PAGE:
10 were going to buy people out, so, in fact -- precisely

11 because there were multiple firms they were basically

12 preying on simultaneously, there are cases in which they

13 basically made an arrangement with one of the firms to

14 say, okay, well, fine, we are going to buy you out, here

15 are these terms, but let's keep this secret, and so --

16 and then continue the war, and then buy out the other

17 firms.

18 So, in some sense, part of the aspect of kind of

19 buying out firms and engaging in predation is that the

20 process is sort of the reverse of what we are calling

21 the free-rider problem when you form a trust, right? If

22 you form a trust, you are going to restrict output, and

23 so people will want to stay outside of it and just take

24 advantage of the output lowering entity.

25 Conversely, if there's predation going on, and


1 you know there will be a buy-out and the predatory

2 pricing is going to end, of course, people also want to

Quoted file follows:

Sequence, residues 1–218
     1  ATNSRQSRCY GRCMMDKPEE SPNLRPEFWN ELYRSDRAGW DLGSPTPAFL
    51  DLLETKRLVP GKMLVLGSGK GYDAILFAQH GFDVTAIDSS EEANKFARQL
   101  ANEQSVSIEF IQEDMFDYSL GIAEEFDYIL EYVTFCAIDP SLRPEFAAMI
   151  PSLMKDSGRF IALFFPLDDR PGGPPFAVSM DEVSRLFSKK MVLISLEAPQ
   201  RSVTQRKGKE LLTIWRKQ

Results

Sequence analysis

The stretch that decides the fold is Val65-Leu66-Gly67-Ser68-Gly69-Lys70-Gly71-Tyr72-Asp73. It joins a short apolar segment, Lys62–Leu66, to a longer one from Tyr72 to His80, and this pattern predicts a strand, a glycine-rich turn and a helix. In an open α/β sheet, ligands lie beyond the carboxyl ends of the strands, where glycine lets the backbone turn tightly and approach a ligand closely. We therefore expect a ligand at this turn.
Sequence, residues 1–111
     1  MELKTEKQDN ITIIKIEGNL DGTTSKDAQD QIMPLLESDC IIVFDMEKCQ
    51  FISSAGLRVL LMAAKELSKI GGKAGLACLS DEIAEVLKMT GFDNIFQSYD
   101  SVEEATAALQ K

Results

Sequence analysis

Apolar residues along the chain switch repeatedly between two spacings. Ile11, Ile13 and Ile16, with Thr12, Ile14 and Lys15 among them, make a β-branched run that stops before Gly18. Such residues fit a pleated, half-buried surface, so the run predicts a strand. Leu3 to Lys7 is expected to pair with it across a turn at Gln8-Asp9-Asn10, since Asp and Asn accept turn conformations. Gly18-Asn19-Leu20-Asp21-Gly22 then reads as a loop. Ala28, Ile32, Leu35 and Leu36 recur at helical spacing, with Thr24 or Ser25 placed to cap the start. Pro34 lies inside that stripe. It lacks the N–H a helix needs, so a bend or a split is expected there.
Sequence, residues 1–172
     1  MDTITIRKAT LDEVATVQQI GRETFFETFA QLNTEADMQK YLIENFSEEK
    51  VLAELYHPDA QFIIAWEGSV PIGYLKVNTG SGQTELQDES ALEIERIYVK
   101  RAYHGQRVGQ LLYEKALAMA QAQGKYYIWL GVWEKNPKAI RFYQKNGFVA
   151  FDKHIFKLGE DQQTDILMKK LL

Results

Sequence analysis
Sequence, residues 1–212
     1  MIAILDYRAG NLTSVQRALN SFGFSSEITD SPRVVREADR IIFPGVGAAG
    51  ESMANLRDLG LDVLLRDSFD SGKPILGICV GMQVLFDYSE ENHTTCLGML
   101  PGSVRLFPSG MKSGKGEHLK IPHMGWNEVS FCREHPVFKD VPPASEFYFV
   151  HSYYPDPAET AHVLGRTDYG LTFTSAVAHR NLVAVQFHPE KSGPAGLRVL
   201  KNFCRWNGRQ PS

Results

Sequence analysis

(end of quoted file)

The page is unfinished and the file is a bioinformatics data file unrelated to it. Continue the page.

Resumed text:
3 free-ride on that. So, the manipulation of rivals'

4 beliefs is I think part and parcel of being able to be

5 successful.

6 So, there was a monopolization suit, and it

7 stretched on over a period of time, that eventually

8 resulted in a consent decree. But there are some other

9 sort of, you know, maybe, you know, happy lessons here

10 that antitrust serves as a deterrent on a variety of

11 levels. Part of the rationale of the antitrust law is

12 to be punitive, but obviously you also want to think,

13 well, gee, you hope other firms get the message and we

14 don't have to go prosecute them, or this firm in the

15 future, once bitten, twice shy, and so will behave

16 better, and have some sort of implicit consent decree.

17 So, there are two examples of this, and one

18 deals with American Sugar and one deals with other

19 firms. So, during its monopolization case, American

20 Sugar underwent sort of partial "voluntary" dissolution,